Sunday, November 19, 2017

Geology And Homo Sapiens Habitats Pleistocene Indian Subcontinent

Came across an interesting passage from this review paper:

Environments and Cultural Change in the Indian Subcontinent: Implications for the Dispersal of Homo sapiens in the Late Pleistocene - by James Blinkhorn and Michael D. Petraglia

Yet beyond relief, the geological structure of the Indian subcontinent plays another important role in patterns of habitability in the region. The analysis of the structure of geological basins within the Indian subcontinent led Korisettar (2007) to the conclusion that the Purana basins exerted a strong influence on hominin dispersals and occupation history. Although direct precipitation within the Purana basins is lower than other regions of the subcontinent, perennial supplies of freshwater are available because of spring activity from aquifers that deliver water resources from regions that receivemuch higher monsoonal precipitation.As a result of reliable water resources and abundant raw materials for stone tool manufacture, these geological basins are thought to have acted as refugia not only for hominin populations but also for varied flora and fauna (Korisettar 2007).

The importance of such Purana basins for providing refugia is well exemplified by the recent study of fauna from the Billasurgum caves, located within the Cuddapah Basin. Here, excavations revealed the first stratified sequence to document patterns of faunal occupation spanning the late Middle Pleistocene to Late Pleistocene (Roberts et al. 2014). This study illustrated the long-term continuity of large-bodied fauna within South Asia with only a single taxon of twenty-four identified as having gone extinct across the subcontinent (Roberts et al. 2014).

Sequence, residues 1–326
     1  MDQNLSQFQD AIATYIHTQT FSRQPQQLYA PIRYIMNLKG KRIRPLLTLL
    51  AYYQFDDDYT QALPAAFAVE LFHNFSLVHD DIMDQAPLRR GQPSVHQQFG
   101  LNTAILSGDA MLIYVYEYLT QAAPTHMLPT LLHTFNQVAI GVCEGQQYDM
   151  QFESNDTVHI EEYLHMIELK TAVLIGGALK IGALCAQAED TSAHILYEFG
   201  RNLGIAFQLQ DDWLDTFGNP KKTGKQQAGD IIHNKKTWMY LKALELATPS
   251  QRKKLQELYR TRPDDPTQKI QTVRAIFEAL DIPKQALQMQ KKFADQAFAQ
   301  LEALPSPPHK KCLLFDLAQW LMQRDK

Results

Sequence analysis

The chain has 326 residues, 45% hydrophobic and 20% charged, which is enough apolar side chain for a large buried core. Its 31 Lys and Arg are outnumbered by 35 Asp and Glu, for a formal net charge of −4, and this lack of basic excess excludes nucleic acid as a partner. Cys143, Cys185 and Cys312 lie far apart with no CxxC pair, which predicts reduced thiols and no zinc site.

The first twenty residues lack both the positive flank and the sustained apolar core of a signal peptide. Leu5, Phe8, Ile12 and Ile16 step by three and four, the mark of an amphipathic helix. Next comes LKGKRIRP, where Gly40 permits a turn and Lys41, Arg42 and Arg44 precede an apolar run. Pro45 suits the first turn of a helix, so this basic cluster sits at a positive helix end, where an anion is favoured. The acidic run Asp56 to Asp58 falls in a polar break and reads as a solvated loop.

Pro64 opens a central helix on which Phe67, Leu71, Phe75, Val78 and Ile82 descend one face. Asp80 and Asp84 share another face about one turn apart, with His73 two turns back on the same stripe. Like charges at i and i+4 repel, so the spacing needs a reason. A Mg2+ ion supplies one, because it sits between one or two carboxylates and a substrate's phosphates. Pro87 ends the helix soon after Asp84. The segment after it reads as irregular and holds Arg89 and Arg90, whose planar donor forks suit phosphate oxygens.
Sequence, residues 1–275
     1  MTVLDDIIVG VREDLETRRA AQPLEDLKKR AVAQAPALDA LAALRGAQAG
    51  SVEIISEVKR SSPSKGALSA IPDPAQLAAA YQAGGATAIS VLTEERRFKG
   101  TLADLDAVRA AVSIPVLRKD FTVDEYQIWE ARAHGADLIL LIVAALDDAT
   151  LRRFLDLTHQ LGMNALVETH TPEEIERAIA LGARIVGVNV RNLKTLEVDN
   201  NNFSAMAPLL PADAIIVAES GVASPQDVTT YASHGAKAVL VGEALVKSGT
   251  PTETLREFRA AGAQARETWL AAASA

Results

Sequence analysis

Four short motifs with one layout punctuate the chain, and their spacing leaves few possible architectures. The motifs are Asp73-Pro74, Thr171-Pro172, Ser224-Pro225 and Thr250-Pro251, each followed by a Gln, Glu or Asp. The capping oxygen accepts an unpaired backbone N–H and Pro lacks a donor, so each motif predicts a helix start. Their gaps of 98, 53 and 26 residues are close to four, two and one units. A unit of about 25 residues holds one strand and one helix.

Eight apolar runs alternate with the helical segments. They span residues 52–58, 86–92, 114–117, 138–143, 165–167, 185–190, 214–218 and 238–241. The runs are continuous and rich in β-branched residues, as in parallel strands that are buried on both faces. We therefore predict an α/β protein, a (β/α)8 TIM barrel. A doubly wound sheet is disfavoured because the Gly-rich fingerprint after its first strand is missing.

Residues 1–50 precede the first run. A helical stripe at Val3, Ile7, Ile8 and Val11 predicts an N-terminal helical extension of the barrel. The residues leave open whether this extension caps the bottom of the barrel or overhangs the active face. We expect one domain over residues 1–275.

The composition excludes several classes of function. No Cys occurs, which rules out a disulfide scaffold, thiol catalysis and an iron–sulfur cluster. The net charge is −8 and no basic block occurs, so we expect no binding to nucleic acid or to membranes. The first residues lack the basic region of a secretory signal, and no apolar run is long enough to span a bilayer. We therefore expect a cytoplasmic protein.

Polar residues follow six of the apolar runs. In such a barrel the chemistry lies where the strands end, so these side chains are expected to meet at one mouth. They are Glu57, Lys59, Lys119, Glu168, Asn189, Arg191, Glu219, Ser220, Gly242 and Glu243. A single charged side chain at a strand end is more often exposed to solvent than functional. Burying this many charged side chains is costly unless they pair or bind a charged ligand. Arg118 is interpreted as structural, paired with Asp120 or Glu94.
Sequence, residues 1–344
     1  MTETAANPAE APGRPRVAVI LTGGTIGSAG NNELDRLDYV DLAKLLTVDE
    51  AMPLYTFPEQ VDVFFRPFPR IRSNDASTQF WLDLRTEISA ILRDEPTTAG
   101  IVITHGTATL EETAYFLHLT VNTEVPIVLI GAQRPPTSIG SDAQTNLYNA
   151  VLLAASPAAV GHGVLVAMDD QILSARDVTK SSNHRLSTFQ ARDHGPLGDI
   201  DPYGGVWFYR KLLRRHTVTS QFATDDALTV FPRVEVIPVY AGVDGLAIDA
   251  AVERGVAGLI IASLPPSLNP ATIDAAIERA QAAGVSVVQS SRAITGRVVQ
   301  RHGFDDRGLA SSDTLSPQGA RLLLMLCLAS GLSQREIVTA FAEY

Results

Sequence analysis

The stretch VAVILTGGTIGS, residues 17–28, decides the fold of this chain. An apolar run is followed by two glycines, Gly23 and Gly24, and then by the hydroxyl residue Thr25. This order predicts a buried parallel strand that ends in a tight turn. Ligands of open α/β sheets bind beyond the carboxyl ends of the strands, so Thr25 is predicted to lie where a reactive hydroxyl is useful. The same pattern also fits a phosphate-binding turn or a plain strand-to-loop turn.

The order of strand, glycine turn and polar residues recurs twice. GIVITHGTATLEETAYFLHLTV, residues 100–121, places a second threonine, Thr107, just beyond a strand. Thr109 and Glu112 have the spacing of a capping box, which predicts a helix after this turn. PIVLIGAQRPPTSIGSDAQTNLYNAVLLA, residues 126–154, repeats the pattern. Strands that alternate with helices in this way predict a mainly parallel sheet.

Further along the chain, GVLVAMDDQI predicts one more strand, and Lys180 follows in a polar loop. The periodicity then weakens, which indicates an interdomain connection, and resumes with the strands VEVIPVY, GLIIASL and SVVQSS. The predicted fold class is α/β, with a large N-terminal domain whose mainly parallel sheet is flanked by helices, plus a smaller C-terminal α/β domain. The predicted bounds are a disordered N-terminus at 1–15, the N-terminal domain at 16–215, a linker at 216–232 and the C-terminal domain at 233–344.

The "Purana" basins are Proterozoic in age. They are scattered all over Peninsular India. A common lithology is silica cemented sandstone or quartzite which forms prominent hill ranges, ridges and escarpments with ledges, overhangs and caves. These hard quartzites would have been one source of raw material for stone tools.  The rocks are also fractured and networks of pervasive cracks allow the storage and movement of groundwater.

The map (from a different paper) below shows the distribution of Middle Paleolithic sites (red dots) in India, Arabia and Eastern Africa. I have outlined in black (very approximate!) the location of three Purana basins. V stands for Vindhyan, C for Cuddapah and B&K for Bhima and Kaladgi.

 Modified from Huw S. Groucutt 2015

This paper have lots of information about climate change, ecology and stone tool record found in India. The authors discuss the Late Acheulean (130k - 100 K) ,  Middle  Paleolithic (94k - 34 K) and the Late Paleolithic ( < 45 K). These terms refer to particular styles of stone tool manufacture.

The India skeletal fossil record is very poor. However, based on comparisons with Middle Paleolithic of Africa and Homo sapiens fossils and tool associations in SE Asia and Australia, the authors are in favor of a wave of  Homo sapiens migrating into India as early or perhaps a little earlier than 100 k ago. This was followed by a later wave around 50 k years ago.  Do changes in cultural style and tool use point to changing populations.. with an intrusive population replacing an earlier one?.. that is an intriguing question. Some recent genetic work suggests that people from these earlier migrations died out without leaving a genetic legacy in us. All non African humans have descended from migrants who left Africa between 50K-80K years ago.  I had summarized these results in an earlier post on human population continuity in India.

See also other papers from this special volume of Current Anthropology on Human Colonization of Asia In the Late Pleistocene

Open Access.

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